Pro-Warren groups like unions and the League of Conservation Voters are spending money on direct mail, door-hangers and field organizing, which are also not covered under the so-called "People's Pledge." There are also signs that outside groups on both sides may be biding their time until the last days before the election to launch a final barrage of TV ads -- something the candidates have no power to stop beyond their promise to independently donate half the cost of those ads to charity whenever an outside group buys advertising in the race.

But even without that money, Warren and Brown have had no trouble getting personal on their own. Brown claimed that legal assistance Warren gave to an insurance company in a case regarding asbestos victims let the company off the hook -- something the victims' lawyers themselves disputed. He made his troubles worse when he falsely accused Warren of using actors in her ads featuring those same victims.

"It's really just offensive," Warren said. And she called the news that Brown himself took money from the political action committee of the company, Travelers Insurance, then returned it just before his attack ads began, "the kicker."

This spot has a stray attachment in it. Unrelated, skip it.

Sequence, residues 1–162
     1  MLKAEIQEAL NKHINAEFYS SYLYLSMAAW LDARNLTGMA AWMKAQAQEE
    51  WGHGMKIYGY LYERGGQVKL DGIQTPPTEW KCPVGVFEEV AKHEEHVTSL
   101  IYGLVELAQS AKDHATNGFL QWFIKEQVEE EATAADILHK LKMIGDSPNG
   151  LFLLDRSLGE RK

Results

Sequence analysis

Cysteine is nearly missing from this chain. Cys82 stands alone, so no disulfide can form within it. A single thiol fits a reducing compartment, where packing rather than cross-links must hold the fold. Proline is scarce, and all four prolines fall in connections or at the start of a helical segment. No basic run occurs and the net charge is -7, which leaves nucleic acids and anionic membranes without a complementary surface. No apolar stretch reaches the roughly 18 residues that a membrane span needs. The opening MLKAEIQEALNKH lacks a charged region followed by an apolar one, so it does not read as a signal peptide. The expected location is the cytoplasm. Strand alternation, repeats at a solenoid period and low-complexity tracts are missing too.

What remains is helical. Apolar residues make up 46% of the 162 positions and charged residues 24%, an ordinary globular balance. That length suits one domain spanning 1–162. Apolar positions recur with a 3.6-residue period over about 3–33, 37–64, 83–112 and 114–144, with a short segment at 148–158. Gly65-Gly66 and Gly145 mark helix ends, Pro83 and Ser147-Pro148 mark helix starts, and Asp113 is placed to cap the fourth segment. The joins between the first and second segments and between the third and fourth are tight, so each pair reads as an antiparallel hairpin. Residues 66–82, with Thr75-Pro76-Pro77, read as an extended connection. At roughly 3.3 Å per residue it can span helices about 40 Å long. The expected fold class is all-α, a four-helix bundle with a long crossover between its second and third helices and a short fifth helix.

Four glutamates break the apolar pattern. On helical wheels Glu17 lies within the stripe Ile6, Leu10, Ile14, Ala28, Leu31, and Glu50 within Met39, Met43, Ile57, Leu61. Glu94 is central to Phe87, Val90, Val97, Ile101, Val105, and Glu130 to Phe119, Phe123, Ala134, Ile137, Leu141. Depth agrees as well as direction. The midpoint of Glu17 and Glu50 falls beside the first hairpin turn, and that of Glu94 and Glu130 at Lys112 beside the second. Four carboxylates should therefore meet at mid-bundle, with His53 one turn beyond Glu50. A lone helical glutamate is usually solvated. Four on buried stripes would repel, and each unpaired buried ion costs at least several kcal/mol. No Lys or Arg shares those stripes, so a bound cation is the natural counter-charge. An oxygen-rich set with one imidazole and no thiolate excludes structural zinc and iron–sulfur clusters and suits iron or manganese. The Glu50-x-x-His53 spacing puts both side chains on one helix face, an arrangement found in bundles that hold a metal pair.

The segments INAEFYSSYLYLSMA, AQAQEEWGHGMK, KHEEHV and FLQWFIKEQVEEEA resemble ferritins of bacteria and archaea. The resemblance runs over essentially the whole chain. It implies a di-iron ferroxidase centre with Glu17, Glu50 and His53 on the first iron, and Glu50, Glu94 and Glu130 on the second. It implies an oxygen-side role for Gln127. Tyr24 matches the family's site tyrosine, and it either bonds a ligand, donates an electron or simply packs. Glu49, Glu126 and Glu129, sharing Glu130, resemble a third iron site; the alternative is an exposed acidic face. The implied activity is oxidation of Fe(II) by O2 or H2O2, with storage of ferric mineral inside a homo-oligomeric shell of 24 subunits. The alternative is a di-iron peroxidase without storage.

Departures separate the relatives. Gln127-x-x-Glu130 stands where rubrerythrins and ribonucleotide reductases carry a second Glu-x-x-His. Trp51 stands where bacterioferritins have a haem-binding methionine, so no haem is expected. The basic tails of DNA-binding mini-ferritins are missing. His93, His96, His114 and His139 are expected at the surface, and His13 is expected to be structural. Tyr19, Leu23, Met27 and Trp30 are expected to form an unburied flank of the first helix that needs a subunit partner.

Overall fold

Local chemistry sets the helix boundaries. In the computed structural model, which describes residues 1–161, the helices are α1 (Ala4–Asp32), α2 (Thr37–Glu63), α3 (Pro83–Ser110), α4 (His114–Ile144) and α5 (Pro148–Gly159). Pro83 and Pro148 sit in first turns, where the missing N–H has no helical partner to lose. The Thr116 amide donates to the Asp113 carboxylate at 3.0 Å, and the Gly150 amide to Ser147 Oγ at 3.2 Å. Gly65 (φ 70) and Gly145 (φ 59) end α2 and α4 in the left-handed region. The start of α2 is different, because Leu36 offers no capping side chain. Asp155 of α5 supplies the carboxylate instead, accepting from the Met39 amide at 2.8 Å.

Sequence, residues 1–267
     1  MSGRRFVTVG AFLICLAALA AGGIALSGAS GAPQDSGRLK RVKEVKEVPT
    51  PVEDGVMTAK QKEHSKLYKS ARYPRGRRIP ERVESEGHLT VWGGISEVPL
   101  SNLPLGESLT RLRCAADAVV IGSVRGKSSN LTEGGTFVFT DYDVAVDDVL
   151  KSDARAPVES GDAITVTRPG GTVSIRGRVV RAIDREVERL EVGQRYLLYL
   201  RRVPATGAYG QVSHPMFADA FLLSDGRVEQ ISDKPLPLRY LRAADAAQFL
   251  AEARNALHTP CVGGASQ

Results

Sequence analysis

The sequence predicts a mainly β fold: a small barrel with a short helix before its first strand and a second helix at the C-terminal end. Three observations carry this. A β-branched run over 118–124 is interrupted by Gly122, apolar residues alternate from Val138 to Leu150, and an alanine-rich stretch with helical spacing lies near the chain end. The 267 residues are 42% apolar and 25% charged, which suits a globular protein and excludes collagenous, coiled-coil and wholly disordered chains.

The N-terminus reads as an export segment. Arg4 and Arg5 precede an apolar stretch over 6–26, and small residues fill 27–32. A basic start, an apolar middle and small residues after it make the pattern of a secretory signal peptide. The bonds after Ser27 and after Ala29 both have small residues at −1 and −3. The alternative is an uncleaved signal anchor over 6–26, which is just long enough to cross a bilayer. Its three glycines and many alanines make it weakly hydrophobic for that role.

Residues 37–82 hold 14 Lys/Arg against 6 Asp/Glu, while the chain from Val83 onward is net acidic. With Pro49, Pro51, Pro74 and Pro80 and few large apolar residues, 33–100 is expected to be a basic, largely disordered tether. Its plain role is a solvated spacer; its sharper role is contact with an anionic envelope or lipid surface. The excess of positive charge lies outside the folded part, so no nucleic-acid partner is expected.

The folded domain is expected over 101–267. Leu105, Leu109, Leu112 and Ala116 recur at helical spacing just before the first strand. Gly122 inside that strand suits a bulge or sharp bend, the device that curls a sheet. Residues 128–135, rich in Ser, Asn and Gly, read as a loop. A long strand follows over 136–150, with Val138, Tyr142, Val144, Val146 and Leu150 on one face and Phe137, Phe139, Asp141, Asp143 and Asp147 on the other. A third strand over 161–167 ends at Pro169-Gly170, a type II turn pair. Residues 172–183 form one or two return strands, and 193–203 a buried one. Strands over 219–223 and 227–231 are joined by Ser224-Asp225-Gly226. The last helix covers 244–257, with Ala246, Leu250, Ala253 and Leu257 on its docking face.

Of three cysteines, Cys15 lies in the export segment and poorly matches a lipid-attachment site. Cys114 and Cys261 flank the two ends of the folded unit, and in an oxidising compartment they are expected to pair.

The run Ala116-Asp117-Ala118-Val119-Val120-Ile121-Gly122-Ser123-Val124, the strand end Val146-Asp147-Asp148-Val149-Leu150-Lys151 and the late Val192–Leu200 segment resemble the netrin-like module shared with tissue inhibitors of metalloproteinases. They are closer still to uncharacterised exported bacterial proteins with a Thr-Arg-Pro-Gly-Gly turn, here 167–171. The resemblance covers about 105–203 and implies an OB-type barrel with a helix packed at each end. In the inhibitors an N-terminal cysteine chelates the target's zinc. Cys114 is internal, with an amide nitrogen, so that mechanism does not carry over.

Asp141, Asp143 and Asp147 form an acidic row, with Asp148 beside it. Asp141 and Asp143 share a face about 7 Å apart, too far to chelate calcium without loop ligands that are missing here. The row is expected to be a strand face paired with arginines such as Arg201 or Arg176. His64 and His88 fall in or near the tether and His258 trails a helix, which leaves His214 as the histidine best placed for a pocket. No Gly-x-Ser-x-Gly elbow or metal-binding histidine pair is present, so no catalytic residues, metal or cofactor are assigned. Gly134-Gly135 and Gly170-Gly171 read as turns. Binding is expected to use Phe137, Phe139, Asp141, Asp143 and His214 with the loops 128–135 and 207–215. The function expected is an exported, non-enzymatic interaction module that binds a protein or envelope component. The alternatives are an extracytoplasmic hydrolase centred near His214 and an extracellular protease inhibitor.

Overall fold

Elizabeth Warren says she “came up the hard way … out of a hard-working middle class family in an America that created opportunities for kids like me.” She has made her life’s work fighting for middle class families.

The Boston Globe calls her “… the plainspoken voice of people getting crushed by so many predatory lenders and under regulated banks.” TIME magazine has called her a “New Sheriff of Wall Street” and has twice included her among America’s 100 most influential people. She’s taken on big banks and financial institutions to win historic new financial protections for middle class families.

Elizabeth learned first-hand about the economic pressures facing middle class families. When she was twelve, her dad suffered a heart attack. The store where he worked changed his job and cut his pay, and the medical bills piled up. The family lost their car, and her mom went to work answering phones at Sears to pay the mortgage.